Is your software/app a medical device?
For over 10 years now, software used for medical purposes might be classified as a medical device under EU law. The rules were initially laid out in 20071 which amended the earlier Directives dealing with medical devices2 and in vitro diagnostic medical devices3 with guidelines adopted in 2012 and revised in 20164. With the advent of the new Medical Devices Regulation5 (MDR) and In Vitro Diagnostic Medical Devices Regulation (IVDR)6, replacing the previous Directives, it has been interesting to understand the current regulatory position.
Guidance has been issued by the EU on medical devices, including in late 2019 on the qualification and classification of medical device software (MDSW) under MDR and IVDR7. We also now have the new flowchart issued in Mar 2021 by the EU8 setting out decision steps to assist qualification of MDSWs. Updated guidance on borderline cases is however still awaited.
Of course, as the MDR and IVDR were not EU law automatically retained by the EU Withdrawal Agreement, the provisions contained within the MDR and IVDR will not be transposed into law or be implemented in Great Britain. The UK government says that it is committed to improving the standards and scrutiny of medical devices that reach UK patients using its wide-ranging powers under the Medicines and Medical Devices Act 20219 so it will be interesting to see if they tighten up the medical devices rules as well. British manufacturers looking to sell in the EU will however still have to comply with any higher standards set by the MDR and IVDR.
Software is very simply defined as a set of instructions that processes input data and creates output data. If the software forms part of a device, then you simply look to whether the device overall qualifies as a medical device in the usual way.
Both the MDR and IVDR make it clear that software in its own right qualifies as a medical device, when specifically intended by the manufacturer to be used for one or more of the following specific medical purposes:
- diagnosis, prevention, monitoring, prediction, prognosis, treatment or alleviation of disease
- diagnosis, monitoring, treatment, alleviation of, or compensation for, an injury or disability
- investigation, replacement or modification of the anatomy or of a physiological or pathological process or state
- providing information by means of in vitro examination of specimens derived from the human body, including organ, blood and tissue donations and which does not achieve its principal intended action by pharmacological, immunological or metabolic means, in or on the human body, but which may be assisted in its function by such means.
Software must have a medical purpose on its own to be qualified as MDSW. It is the intended purpose as described by the manufacturer of the software which is relevant. So the data:
- supplied by the manufacturer on the label, in the instructions for use or in promotional or sales materials or statements; or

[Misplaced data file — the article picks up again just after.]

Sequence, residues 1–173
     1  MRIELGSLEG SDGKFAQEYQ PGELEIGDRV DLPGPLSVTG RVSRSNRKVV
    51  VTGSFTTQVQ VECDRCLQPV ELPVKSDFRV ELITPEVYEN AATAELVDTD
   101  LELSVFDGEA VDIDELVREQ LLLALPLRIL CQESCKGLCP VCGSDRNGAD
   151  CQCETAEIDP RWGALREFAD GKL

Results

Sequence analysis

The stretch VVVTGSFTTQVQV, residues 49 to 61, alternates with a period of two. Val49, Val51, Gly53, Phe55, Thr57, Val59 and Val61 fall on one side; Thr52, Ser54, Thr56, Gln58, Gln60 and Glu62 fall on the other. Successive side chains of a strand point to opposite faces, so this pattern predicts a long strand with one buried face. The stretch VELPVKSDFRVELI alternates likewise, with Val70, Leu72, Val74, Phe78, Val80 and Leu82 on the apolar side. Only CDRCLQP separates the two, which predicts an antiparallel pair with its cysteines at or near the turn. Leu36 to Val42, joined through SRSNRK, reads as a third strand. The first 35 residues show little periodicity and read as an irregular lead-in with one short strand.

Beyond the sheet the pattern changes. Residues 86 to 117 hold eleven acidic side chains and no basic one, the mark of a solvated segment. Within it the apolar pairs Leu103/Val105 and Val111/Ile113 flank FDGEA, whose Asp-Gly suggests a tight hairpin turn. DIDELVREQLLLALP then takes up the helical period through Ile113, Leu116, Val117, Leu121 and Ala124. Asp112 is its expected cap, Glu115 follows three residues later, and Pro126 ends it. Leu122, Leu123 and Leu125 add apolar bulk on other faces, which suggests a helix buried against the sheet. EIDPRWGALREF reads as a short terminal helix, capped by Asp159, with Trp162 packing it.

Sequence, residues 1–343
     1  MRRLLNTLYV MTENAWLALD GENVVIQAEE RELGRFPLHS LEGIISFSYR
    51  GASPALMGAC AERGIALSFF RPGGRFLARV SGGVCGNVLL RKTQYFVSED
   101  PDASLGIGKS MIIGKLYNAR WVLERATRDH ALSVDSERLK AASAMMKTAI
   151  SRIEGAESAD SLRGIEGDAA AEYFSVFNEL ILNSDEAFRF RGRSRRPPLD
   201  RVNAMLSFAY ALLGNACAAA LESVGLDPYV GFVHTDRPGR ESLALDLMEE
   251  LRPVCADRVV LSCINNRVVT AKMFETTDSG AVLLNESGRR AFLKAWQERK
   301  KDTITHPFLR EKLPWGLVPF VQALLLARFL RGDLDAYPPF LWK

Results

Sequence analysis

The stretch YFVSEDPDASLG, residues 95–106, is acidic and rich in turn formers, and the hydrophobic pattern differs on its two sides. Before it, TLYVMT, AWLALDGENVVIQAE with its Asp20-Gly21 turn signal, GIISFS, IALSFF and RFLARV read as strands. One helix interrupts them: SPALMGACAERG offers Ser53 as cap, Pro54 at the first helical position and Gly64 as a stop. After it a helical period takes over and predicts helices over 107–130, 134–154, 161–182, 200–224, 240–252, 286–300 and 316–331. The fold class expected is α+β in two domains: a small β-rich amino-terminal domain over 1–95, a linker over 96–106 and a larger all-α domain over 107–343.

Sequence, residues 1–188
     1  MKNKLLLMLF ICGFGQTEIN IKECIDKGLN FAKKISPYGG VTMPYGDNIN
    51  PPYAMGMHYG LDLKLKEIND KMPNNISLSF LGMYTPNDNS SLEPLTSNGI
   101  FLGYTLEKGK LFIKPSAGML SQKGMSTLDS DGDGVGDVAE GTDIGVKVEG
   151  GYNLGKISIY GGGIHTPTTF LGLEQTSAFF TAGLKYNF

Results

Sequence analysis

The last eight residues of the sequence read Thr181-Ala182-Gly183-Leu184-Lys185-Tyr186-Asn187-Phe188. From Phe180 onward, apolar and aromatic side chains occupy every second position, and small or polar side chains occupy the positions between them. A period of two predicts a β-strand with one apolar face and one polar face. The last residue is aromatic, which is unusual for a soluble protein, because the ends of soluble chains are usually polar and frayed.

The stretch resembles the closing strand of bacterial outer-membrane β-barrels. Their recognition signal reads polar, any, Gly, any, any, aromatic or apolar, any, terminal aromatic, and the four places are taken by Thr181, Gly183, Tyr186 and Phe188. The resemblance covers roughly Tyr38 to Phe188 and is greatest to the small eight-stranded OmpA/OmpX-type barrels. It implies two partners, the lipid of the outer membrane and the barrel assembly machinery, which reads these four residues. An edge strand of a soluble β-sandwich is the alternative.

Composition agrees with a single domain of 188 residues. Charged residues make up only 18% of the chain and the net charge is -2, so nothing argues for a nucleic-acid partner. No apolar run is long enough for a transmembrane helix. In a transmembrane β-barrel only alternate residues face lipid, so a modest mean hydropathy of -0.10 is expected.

- specified by the manufacturer in the clinical evaluation or in the performance evaluation set out that intended purpose.
Software for general purposes, even when used in a healthcare setting, or software intended for life style and well being purposes is not a medical device. As well as software, the classification criteria also apply to apps, whether on a mobile phone, in the cloud or on other platforms.
Software can directly control a medical device, provide immediate decision-triggering information, or provide support for healthcare professionals. The guidance gives radiotherapy treatment software, blood glucose meter software and ECG interpretation software as examples of each of these types. Software which alters the representation of data for a medical purpose would also qualify as MDSW.
In simple terms, most software will be classified under MDR as class I. Notable exceptions are:
- Software providing information which is used to take decisions with diagnosis or therapeutic purposes (Diagnosis/Therapeutic Software) and Software intended to monitor physiological processes (Physiological Software) are in most cases class IIa
- Diagnosis/Therapeutic Software where the resulting decisions may cause a serious deterioration of a person's state of health or a surgical intervention is in class IIb
- Physiological Software intended for monitoring of vital physiological parameters, where the nature of variations of them could result in immediate danger to the patient is class IIb
- Diagnosis/Therapeutic Software where the resulting decisions may cause death or an irreversible deterioration of a person's state of health is unsurprisingly in class III
- Under IVDR, if the software is independent of any other device, it is classified in its own right. However, if the software is exclusively intended to drive or influence the use of an instrument intended to be used for in vitro diagnostic procedures, it is classified in the same class as the instrument.
The classification of a medical device is always a tricky process and particularly so for software. So you should always seek specialist regulatory advice as early as possible. The guidance does help the layman though by providing examples which can help you understand where your device is likely to sit.
1 Medical Devices Directive 2007/47/EC
2 Medical Devices Directive 93/42/EEC
3 In Vitro Medical Diagnostic Medical Devices Directive 98/79/EC
4 MEDDEV 2.1/6
5 Regulation (EU) 2017/745, implementation date 26 May 2021
6 Regulation (EU) 2017/746, implementation date 26 May 2022
10 Annex VIII of MDR and Annex VIII of IVDR
The content of this article is intended to provide a general guide to the subject matter. Specialist advice should be sought about your specific circumstances.